Interactions between the mammalian main and accessory olfactory systems
Jorge A Larriva-Sahd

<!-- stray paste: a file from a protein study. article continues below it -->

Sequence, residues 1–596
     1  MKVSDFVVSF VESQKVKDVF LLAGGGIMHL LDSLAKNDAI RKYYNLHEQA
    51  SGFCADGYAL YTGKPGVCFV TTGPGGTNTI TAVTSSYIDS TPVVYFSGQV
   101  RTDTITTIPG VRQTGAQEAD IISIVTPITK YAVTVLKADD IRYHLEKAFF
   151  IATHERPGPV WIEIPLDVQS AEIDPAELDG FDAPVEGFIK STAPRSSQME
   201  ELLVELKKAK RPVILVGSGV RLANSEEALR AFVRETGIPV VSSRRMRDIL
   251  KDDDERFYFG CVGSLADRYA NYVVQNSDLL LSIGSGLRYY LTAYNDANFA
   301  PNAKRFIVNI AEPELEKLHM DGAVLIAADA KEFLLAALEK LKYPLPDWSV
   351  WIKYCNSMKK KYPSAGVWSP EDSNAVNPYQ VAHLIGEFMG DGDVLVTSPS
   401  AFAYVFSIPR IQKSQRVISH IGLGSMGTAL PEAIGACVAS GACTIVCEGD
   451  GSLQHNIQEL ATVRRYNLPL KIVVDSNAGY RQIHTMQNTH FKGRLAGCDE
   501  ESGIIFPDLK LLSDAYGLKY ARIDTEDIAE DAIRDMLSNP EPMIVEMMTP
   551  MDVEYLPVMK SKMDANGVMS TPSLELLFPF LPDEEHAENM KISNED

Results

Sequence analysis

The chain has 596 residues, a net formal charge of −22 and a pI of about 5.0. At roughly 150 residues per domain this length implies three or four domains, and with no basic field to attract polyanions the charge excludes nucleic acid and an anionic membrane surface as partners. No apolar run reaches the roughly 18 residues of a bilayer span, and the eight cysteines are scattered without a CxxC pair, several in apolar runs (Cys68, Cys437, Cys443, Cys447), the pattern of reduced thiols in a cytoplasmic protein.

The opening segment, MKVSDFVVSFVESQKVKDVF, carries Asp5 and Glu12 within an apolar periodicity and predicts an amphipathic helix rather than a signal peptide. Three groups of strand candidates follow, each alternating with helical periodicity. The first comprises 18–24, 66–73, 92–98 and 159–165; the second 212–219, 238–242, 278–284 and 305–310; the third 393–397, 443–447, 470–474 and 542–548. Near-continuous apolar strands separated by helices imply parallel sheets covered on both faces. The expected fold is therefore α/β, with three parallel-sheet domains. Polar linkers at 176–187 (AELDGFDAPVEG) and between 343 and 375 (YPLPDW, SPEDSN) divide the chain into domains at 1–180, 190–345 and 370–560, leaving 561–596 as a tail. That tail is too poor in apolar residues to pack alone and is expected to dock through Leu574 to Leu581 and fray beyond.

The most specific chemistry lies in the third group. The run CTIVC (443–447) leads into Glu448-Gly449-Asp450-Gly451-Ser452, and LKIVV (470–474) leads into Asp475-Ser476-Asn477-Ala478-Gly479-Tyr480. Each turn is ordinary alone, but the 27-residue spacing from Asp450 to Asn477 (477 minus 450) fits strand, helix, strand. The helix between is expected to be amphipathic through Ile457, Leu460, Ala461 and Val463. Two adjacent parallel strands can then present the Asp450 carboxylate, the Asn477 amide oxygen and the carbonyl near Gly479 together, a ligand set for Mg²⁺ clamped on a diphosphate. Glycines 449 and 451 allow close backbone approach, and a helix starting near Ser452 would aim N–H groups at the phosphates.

The functional cross-talk and structural interaction between the main and accessory olfactory bulb is a central problem in mammalian sensory neurobiology. The early supposition that volatile substances and pheromones, most of them hydrosoluble molecules, are exclusively sensed and decoded by the main (MOS) and accessory olfactory systems (AOS), respectively, needs to be revised. In fact, a large number of structural and functional evidences accumulated during the last few decades, suggests that rather than separated entities, the MOS and AOS act synergically, bringing about physiological and behavioural responses. The goal of the present Research Topic will be to gather original research studies and revision papers, performed by the most authoritative research groups that have recently contributed to the broad area of sensory neurobiology. Special attention should be given to contributions addressed to the MOB and AOB cross-talk, involving current neuroanatomical techniques.